A fun look at family drama on the open seas.


A family embarks on a cruise together—but will the weight of their secrets sink the whole ship?

Elise Feldman Connelly knows she has a problem. She can’t stop shopping even though she’s blown through her family’s savings and obliterated her son’s college fund. She just has to keep her addiction a secret from her husband, Mitch, until she can figure out a solution. But when Elise’s mother, Annette, insists the entire family go on a cruise together for her 70th birthday, it becomes clear that Elise isn’t the only one with a secret. Elise’s father is hiding an illness, Mitch is contemplating a career change, and both of Elise’s children have their own complicated lives. Perhaps the biggest secret is being kept by Elise’s brother, Freddy, whom everyone assumes is nothing more than an aging stoner. He’s actually the head of a hugely successful marijuana company, a fact he hasn’t shared with the uptight Feldmans. While Annette just wanted her whole family together under one roof, keeping everyone happy on a cruise ship plagued with crowds, bad food, and forced fun proves to be almost impossible. As family resentment simmers and eventually blows up, the Feldmans learn that maybe they all have more in common than they thought. Friedland (The Intermission, 2018, etc.) creates vivid characters with distinct voices, from the outwardly critical matriarch to the insecure teenager. The story is at its best when the whole family is together, allowing their individual personalities to bounce off one another. There's also some sharp commentary about the pitfalls of cruises, and even readers who've never been on one will feel positively claustrophobic as they read about the cramped cabins the Feldmans stay in.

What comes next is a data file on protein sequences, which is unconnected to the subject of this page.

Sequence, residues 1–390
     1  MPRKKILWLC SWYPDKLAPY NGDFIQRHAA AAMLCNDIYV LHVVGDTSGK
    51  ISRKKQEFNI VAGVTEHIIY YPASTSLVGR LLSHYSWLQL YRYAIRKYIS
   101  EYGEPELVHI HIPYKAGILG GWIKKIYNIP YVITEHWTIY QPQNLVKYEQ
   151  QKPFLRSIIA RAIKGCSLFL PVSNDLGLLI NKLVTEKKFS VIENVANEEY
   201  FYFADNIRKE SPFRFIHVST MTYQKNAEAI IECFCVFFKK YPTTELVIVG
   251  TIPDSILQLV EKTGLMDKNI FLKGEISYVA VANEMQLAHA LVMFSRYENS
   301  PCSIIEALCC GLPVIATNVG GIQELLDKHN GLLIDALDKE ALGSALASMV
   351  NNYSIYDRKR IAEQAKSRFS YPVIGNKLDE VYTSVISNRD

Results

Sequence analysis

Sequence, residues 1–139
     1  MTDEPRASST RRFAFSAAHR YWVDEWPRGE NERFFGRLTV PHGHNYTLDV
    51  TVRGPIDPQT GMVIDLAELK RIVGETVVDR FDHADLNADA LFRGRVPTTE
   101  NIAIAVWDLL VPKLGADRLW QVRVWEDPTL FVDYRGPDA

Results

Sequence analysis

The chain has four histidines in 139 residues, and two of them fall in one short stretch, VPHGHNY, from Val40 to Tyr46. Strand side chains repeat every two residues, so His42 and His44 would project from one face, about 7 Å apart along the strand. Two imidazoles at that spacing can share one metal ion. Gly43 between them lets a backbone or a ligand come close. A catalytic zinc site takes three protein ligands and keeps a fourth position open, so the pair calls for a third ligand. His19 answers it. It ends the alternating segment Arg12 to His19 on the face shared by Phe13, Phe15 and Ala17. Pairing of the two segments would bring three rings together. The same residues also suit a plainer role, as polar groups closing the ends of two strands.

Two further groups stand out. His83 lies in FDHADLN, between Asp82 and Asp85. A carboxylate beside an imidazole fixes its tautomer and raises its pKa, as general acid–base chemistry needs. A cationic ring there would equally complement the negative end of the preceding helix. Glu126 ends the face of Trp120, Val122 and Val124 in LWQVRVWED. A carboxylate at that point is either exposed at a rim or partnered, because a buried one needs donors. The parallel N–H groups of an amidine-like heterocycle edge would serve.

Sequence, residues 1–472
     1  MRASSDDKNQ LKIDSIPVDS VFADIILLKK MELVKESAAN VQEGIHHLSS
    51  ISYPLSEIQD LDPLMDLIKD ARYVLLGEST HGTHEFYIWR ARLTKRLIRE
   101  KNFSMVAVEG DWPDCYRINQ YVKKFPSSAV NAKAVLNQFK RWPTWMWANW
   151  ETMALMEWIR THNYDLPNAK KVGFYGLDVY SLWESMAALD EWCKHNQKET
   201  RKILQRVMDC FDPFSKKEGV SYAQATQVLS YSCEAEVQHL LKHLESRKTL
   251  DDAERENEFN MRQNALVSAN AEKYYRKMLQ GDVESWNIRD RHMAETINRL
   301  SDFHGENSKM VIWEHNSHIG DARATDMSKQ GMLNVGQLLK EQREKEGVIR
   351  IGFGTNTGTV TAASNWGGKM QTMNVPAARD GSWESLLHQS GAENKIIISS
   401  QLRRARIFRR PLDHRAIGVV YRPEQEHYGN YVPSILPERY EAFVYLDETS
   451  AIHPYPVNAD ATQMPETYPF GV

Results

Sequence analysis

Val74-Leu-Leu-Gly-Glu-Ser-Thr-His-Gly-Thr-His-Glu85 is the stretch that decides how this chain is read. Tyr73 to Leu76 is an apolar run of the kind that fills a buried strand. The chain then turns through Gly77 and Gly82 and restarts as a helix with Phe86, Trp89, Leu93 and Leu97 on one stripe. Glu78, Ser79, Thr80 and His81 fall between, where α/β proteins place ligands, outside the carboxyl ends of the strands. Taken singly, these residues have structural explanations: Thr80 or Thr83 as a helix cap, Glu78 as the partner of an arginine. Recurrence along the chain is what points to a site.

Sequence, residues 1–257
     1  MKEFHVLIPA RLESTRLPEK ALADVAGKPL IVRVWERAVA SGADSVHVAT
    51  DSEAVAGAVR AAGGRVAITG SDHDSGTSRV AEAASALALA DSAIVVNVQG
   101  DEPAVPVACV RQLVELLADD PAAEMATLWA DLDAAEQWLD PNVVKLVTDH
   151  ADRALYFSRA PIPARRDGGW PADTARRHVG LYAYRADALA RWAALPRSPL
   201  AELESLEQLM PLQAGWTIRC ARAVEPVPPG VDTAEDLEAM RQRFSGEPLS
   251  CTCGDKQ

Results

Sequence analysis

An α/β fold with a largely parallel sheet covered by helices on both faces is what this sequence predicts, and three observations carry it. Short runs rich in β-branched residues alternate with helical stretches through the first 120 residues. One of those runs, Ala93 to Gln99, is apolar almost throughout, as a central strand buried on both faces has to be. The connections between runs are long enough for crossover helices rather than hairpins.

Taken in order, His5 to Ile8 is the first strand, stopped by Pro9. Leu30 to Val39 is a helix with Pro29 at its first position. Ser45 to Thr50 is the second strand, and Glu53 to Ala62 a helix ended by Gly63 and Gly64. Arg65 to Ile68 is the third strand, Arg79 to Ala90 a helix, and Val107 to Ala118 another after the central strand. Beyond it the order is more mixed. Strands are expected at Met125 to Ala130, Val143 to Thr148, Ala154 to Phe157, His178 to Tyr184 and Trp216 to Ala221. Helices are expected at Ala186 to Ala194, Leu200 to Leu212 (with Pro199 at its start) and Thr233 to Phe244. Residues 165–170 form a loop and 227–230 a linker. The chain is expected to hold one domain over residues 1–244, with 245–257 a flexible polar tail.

A fun look at family drama on the open seas.

Pub Date: July 23, 2019

ISBN: 978-0-399-58689-7

Page Count: 368

Publisher: Berkley

Review Posted Online: April 28, 2019

Kirkus Reviews Issue: May 15, 2019

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Finding positivity in negative pregnancy-test results, this depiction of a marriage in crisis is nearly perfect.


Named for an imperfectly worded fortune cookie, Hoover's (It Ends with Us, 2016, etc.) latest compares a woman’s relationship with her husband before and after she finds out she’s infertile.

Quinn meets her future husband, Graham, in front of her soon-to-be-ex-fiance’s apartment, where Graham is about to confront him for having an affair with his girlfriend. A few years later, they are happily married but struggling to conceive. The “then and now” format—with alternating chapters moving back and forth in time—allows a hopeful romance to blossom within a dark but relatable dilemma. Back then, Quinn’s bad breakup leads her to the love of her life. In the now, she’s exhausted a laundry list of fertility options, from IVF treatments to adoption, and the silver lining is harder to find. Quinn’s bad relationship with her wealthy mother also prevents her from asking for more money to throw at the problem. But just when Quinn’s narrative starts to sound like she’s writing a long Facebook rant about her struggles, she reveals the larger issue: Ever since she and Graham have been trying to have a baby, intimacy has become a chore, and she doesn’t know how to tell him. Instead, she hopes the contents of a mystery box she’s kept since their wedding day will help her decide their fate. With a few well-timed silences, Hoover turns the fairly common problem of infertility into the more universal problem of poor communication. Graham and Quinn may or may not become parents, but if they don’t talk about their feelings, they won’t remain a couple, either.